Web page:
Ÿ  IndustriALL news release. Tazreen Claims Administration Trust.

Japan: Firms must check mental health of staff

Businesses in Japan will be obliged from December to offer their employees an annual test to check their level of mental stress amid an increase in workers suffering from mental disorders, the health ministry has said. Under the Industrial Health and Safety Law’s revision last year (Risks 714), the test, in the form of a questionnaire, will target more than 20 million employees at around 16,000 businesses nationwide, according to the Health, Labor and Welfare Ministry. The purpose of the testing is to let workers know their own stress level and keep depression at bay, rather than fishing out those with mental disorders, said Takashi Amagasa, a psychiatrist and workplace stress expert at Tokyo’s Yoyogi Hospital. He said workplace stress is increasing, and is encouraging workers to take the test. The Japan Times reports that workers, who will not be obliged to undergo testing, will be informed of test results directly by the doctors or nurses involved in the assessment. Those found to be highly stressed can see a doctor if they wish, while their employers, based on the doctor’s advice, will have to lessen their burden with such measures as cutting work hours and changing the workplace. The law will prohibit employers from treating employees negatively for not taking the test or for refusing to see a doctor, or firing or unreasonably transferring employees due to results of their interviews with the doctor. Doctors and nurses will be prohibited from telling employers the test result without the respondent’s consent. Staff in the testing programme can be disciplined for any breach of confidentiality.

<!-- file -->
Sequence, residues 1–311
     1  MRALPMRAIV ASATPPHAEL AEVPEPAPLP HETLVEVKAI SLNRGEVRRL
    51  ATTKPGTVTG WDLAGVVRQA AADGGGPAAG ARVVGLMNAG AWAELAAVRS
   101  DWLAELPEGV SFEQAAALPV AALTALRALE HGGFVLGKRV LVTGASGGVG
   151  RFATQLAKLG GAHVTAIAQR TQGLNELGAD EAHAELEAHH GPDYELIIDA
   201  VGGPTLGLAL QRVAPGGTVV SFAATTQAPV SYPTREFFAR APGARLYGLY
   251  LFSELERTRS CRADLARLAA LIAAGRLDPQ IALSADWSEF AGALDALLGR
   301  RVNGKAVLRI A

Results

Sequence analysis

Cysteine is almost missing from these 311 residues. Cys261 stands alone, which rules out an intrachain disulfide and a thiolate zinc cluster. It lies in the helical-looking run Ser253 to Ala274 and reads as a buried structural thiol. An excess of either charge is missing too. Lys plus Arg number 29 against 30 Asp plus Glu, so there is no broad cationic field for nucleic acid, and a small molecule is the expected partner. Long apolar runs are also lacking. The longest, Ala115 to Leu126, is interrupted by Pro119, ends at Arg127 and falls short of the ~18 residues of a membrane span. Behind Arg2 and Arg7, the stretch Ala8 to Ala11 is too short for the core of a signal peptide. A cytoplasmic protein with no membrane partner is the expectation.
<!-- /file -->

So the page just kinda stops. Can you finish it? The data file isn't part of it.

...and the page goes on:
Ÿ  Japan Today.

Myanmar: Landslide kills 90 dead at jade mine